This Millenium Mambo essay contains spoilers. Hsiao-Hsien Hou’s 2001 film features Shu Qi, Jack Kao and Chun-hao Tuan. Check out VV movie reviews, along with cast/character articles, streaming guides and complete soundtrack song listings, at the home page.
The 2001 film Millenium Mambo is full of loaded mise-en-scène. Hsiao-Hsien Hou’s Taiwanese classic examines the mindset of a Taipei hostess (Shu Qi as Vicky) who drifts around the city while dealing with an overbearing boyfriend (Tuan Chun-hao as Hao-Hao). The director frequently returns to the same interior setting, albeit with changing mise-en-scène that informs the audience about the protagonist’s detachment from her immediate surroundings and the outside world. Witness a first act shot (00:13:00) that at once thematically underlines the character essentials while calling back to the visual design of Hou’s previous film, Flowers of Shanghai (1998); a tale about female sex workers in 1884 China. In Millennium Mambo, Vicky slowly retreats from the foreground to a background room. She gazes off into a seemingly empty void as Hao-Hao plants a kiss on her neck. On a table in the foreground: beer cans, a candle, a plant… a sign of life. These items replace the opium, drinks and food from Flowers of Shanghai. In both films, women try to escape isolated environments. Hou stays true to the four elements of mise-en-scène: setting, costume, lighting and character movement.
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Millenium Mambo’s costume design differs greatly from Flowers of Shanghai due to the 117-year timeline gap. In the 2001 film, Vicky radiates with beauty and style while navigating the city. At home, though, the viewer glimpses moments of uncertainty and confusion. Vicky wears a hair net while speaking to the police. Moments later, Hou frames her not in the foreground, but rather just behind heart-shaped door decorations. Vicky is trapped, unable to find true love but still hopeful that it exists in some form. The humble clothing contrasts with the lavish outfits worn by the women of Flowers of Shanghai. Now, the bedroom background that Hou normally prefers becomes the foreground in Millenium Mambo. The outside world awaits Vicky yet she can’t quite see the light.
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Hou retains his core mise-en-scène in Millenium Mambo during a second-half scene. Once again, a candle sits in the foreground, this time by itself. As Hao-Hao drinks a beer, he speaks to Vicky about coming from “two different worlds.” The claustrophobic setting brings them together as Hou shows off his lighting skills. Vicky — whose red top matches the wallpaper — launches a pillow attack on her boyfriend, with her bed items — lit by a lamp — matching the design of the wallpaper and a surrounding glow. In this moment, the protagonist does indeed escape but doesn’t make it that far. Vicky arrives where she started — at the table in the foreground, where she sips on a beer while staring at the glow of a candle. Hao-Hao disappears from the background. Whereas the women of Flowers of Shanghai enjoy their opium with a smile, Vicky puts down her beer with a grimace. Hou’s lighting accentuates all the character traits that have already been established in Millenium Mambo.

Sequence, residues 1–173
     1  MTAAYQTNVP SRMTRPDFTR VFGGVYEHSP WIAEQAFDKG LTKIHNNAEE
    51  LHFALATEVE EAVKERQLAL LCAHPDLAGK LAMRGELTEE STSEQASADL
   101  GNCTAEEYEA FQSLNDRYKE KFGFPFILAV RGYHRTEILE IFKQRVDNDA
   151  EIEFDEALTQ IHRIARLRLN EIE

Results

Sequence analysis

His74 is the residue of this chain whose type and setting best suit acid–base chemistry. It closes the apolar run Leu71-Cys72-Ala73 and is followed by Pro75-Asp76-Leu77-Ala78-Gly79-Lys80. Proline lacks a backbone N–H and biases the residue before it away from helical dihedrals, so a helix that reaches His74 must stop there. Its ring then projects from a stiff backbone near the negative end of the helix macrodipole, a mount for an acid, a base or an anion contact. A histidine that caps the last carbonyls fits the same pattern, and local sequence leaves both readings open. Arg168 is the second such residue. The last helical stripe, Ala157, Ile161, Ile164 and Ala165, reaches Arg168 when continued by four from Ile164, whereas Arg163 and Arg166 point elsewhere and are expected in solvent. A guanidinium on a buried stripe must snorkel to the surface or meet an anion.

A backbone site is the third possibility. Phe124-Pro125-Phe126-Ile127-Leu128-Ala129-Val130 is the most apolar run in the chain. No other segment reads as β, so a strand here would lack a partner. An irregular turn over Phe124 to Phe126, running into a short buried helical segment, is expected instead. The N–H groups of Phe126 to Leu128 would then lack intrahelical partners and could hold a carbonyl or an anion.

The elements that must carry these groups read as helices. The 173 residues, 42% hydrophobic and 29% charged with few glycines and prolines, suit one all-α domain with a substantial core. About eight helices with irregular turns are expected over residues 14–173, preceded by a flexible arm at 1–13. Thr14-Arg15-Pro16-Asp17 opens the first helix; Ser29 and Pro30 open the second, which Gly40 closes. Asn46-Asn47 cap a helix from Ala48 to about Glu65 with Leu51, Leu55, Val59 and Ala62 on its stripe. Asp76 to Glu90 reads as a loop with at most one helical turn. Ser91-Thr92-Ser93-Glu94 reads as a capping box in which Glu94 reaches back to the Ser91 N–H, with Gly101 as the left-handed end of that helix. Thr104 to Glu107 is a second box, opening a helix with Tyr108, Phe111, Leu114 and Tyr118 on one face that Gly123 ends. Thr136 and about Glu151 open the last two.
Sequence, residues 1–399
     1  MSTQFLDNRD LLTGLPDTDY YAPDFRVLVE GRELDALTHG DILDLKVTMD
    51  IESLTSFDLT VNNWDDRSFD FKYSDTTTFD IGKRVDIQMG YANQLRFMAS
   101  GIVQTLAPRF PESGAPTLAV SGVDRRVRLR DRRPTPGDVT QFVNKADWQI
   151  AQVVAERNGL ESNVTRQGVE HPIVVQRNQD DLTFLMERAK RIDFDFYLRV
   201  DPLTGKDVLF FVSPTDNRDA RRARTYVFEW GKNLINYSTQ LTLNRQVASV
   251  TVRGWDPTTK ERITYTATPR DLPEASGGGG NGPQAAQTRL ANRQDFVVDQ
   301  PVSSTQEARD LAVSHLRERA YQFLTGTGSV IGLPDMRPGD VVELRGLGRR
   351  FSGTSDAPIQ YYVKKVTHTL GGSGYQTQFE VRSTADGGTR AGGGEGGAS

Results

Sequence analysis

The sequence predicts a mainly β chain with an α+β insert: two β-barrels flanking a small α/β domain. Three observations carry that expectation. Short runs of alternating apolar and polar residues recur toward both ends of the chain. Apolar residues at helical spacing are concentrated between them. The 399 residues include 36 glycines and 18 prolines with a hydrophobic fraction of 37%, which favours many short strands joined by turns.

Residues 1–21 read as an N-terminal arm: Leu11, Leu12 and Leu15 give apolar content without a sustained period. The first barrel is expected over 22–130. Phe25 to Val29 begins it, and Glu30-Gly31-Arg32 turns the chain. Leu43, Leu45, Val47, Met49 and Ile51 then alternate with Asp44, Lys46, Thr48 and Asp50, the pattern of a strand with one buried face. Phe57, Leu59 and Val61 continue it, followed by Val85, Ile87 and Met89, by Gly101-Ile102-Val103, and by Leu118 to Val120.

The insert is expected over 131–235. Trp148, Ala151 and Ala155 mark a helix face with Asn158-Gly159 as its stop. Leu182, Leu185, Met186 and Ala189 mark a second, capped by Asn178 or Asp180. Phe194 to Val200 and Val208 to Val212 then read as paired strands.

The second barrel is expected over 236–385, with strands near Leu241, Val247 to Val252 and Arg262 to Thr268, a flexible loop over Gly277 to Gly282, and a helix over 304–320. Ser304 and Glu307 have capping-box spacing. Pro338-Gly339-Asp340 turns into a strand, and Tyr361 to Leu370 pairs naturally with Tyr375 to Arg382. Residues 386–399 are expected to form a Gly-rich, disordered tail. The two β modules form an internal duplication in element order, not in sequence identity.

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During a climactic sequence in Millennium Mambo, Hou contrasts Vicky’s home isolation with the movement of a passing train. Again, there’s a light in the foreground (a lamp). Interestingly, though, Vicky hasn’t been pushed to the background. In fact, she engages with the outside world while smoking a cigarette in bed. She doesn’t face towards the camera, but rather looks sideways, perhaps contemplating a chance to live a more meaningful life. Hou once again incorporates the main four elements of mise-en-scène: setting, costume, lighting and movement. The motion, however, originates with passing trains that move in opposite directions. One could even say that Millenium Mambo is fundamentally about “the pushback,” about Vicky’s need to stand up for herself and move away from a toxic environment.
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Hou’s mise-en-scène in Millenium Mambo is the mark of a true auteur. He recycles visual designs from Flowers of Shanghai but makes an entirely different movie, set in a different century, that’s arguably better. It’s amazing what one can do with a simple apartment setting when all the mise-en-scène is on point.
A 4k restoration of Millenium Mambo is screening at Metrograph in New York City throughout February 2023.
Q.V. Hough (@QVHough) is Vague Visages’ founding editor.
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Categories: 2020s, 2023 Film Essays, Drama, Featured, Romance
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